Accessorizing your AR-15 for tactical uses isn’t as straight to the point as it may seem. Tactical uses can range from clearing a house to walking through the woods during a SHTF scenario. But we don’t have enough time to go over setups for different scenarios. So, we’re going to talk about accessories that are universal and can also work in different situations.
Hopefully, by this point, you already have an AR-15 that you can rely on, and you’re training to deal with these situations and not becoming an expensive loot drop. If you aren’t training, then you should start as soon as possible.
Let’s talk about AR-15 accessories.
Is tactifying A word?
If it isn’t, then we just made it up. We’re going to tactify your rifle to cover a broad range of situations from indoor home defense to keeping-your-head-down-in-the-woods.
I’m going to take the liberty of not holding back with expensive items like high-quality optics and other accessories.
Speaking of optics, that’s where we’ll start.
Tactical use means running your firearm hard, banging it into things, and falling on the floor a few times, and ultimately, taking a beating.
And since we’re going for a more overall approach, we will need a magnifier on top of that so you can reach out a bit further if need be.
Or, you can run an LPVO with an offset red dot sight. Either way, you’ll need an optic with a track record for durability.
I suggest Aimpoint, EoTech, Night Force, and a Trijicon for the offset if you run an LPVO.
While I know these optics are expensive, these optics are also proven in multiple roles around the world where durability is paramount. So if you want to be tactical, you’re going to have to spend some money.
You definitely want to keep your precious rifle close. If you slip and fall or have to switch to the handgun, the last thing you want is to lose your rifle.
Slings aid in maneuvering your rifle in and around your body as well. So you want the ability to tighten it when you need it close but still have the ability to extend it out when needed.
You know, to go from shoulder to shoulder and avoid getting hung up on gear.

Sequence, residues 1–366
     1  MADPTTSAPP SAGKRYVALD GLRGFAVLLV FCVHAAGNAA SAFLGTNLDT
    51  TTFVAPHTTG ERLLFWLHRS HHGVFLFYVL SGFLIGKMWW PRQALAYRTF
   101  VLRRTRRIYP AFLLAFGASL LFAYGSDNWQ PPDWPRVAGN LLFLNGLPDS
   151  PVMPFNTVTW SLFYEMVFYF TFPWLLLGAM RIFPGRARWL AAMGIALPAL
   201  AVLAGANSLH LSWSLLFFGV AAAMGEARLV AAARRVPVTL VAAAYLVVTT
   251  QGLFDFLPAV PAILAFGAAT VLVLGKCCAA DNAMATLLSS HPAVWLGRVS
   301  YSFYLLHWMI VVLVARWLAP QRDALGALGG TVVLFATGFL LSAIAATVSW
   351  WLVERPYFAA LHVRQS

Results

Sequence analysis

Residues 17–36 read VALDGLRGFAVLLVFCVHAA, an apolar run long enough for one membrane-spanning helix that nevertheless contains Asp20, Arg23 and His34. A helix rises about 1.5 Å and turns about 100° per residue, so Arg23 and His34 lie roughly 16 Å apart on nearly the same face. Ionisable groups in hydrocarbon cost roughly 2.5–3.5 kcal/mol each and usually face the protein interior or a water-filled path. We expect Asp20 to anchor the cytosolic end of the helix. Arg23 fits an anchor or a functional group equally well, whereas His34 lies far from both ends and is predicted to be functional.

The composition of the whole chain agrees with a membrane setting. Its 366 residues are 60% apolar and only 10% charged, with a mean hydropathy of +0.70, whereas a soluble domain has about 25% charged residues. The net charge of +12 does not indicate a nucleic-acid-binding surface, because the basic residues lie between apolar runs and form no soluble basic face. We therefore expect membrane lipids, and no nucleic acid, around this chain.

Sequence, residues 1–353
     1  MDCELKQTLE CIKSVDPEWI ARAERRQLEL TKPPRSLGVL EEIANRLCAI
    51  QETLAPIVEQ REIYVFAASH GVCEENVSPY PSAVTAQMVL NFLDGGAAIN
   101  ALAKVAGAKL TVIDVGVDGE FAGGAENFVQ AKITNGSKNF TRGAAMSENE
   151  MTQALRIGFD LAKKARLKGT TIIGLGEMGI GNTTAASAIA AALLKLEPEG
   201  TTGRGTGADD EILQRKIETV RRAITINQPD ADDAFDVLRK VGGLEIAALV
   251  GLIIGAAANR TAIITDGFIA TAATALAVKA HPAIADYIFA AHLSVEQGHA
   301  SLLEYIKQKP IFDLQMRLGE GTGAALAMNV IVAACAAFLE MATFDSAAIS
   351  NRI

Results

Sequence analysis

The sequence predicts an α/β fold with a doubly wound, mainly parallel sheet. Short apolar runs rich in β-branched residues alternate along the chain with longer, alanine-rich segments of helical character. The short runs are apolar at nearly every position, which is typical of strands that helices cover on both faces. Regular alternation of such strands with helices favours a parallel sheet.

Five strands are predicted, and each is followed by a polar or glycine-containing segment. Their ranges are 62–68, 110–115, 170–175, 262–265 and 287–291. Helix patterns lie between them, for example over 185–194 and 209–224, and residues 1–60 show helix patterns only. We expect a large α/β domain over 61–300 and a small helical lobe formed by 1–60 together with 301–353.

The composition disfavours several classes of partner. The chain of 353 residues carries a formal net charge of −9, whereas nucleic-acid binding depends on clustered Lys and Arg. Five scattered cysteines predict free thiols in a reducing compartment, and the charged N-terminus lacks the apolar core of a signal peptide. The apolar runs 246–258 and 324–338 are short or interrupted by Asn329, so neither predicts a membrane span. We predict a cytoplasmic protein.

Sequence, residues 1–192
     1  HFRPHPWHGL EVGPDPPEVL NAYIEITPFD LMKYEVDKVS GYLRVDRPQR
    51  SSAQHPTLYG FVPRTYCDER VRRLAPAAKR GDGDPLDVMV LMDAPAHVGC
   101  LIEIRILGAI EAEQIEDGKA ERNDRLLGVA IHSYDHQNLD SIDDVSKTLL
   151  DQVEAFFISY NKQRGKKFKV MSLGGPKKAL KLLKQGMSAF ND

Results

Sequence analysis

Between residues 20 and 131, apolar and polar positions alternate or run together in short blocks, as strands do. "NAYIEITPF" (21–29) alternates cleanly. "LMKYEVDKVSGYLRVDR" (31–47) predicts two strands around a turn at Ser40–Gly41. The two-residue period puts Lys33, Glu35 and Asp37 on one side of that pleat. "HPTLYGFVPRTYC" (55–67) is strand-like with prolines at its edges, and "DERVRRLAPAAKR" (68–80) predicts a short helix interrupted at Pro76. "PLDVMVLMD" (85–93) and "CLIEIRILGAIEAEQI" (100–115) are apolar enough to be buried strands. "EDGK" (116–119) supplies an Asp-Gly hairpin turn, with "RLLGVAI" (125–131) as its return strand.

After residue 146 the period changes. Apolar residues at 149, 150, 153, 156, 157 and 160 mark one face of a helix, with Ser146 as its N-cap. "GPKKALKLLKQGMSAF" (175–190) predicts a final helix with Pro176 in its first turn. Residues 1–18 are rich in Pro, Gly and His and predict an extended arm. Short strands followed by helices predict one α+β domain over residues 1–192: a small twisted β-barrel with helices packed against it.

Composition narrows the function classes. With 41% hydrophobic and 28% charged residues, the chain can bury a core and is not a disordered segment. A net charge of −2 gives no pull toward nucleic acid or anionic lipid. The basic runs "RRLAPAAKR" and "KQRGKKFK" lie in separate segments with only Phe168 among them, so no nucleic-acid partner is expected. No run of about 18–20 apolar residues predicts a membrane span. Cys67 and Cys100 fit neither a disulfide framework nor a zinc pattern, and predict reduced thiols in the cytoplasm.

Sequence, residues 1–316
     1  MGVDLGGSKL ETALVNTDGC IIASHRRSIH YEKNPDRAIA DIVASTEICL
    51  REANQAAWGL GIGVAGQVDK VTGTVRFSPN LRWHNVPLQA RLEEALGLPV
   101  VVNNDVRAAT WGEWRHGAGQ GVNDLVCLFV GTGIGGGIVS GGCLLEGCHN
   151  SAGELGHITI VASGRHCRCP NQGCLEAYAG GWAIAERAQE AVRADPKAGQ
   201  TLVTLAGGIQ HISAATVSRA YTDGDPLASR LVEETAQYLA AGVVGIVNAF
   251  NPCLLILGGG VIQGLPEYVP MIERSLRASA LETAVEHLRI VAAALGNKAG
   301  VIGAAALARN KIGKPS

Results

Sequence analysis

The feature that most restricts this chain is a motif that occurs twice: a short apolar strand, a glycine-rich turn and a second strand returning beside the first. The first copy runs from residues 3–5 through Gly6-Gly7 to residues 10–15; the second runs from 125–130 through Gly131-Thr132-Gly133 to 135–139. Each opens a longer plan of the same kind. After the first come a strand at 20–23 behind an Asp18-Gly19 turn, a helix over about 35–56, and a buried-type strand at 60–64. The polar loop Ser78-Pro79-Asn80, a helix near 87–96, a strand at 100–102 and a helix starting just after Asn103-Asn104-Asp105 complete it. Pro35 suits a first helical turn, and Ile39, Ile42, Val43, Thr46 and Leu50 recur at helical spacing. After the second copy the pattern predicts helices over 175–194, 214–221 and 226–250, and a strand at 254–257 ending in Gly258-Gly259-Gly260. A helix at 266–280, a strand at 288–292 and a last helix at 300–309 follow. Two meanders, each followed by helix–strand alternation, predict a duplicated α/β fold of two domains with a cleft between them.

The Ferro Concepts Slingster V2 is what I found to be the best sling on the market for tactical situations. It has a pull tab to secure the rifle to your body and be loosened when need be.
And it’s inexpensive. Nice.
Maneuverability is another main component of being tactical. As well as being able to control the AR-15 that you will be using.
Being able to shoulder the rifle properly and put those rounds on target before the target puts rounds on you makes the foregrip or hand stop an accessory you shouldn’t go without.
Here, you can save weight by going with a simple hand stop. They keep a low profile while still giving you the extra space to firmly grip the rifle and move it where you need it.
Arisaka makes a CNC machined hand stop that I’ve found to hold up to the abuse. I’ve broken a few, but not this one.
Operating in the dark is not ideal. For one, you can’t hit what you can’t see, and two, you can’t see.
So, you need a way to illuminate what is in front of you. Not only does bright light show you the way, but shining a bright light on an unsuspecting individual can take them off their game.
And sometimes they’ll give it up right away, which is a preferred outcome, of course.
As far as a light that I recommend, it is a Rein 3.0 from Cloud Defensive. They have the best distance out of any light on the market, and if you see something in the distance or hear rustling, you’ll need that throw.
If you have night vision capabilities, all the better. Operating at night is essential to being effective in a tactical situation. It also gives you the upper hand if someone doesn’t have those tools for the job.
While you may not need the best gear to be tactical, it sure does help you be more effective in certain situations.
You can simply start off with a sling, a light and a solid optic. Learning the fundamentals and movements you must accomplish when moving low and trying not to get shot is more important.
Let’s face it: if you clear a room and it’s your first time, you’ll die.
You don’t need thousands of dollars worth of gear, but when you’ve trained enough and want to take it to the next level and have more capabilities, then having IR lights and lasers sure does come in handy.
Have fun and happy hunting.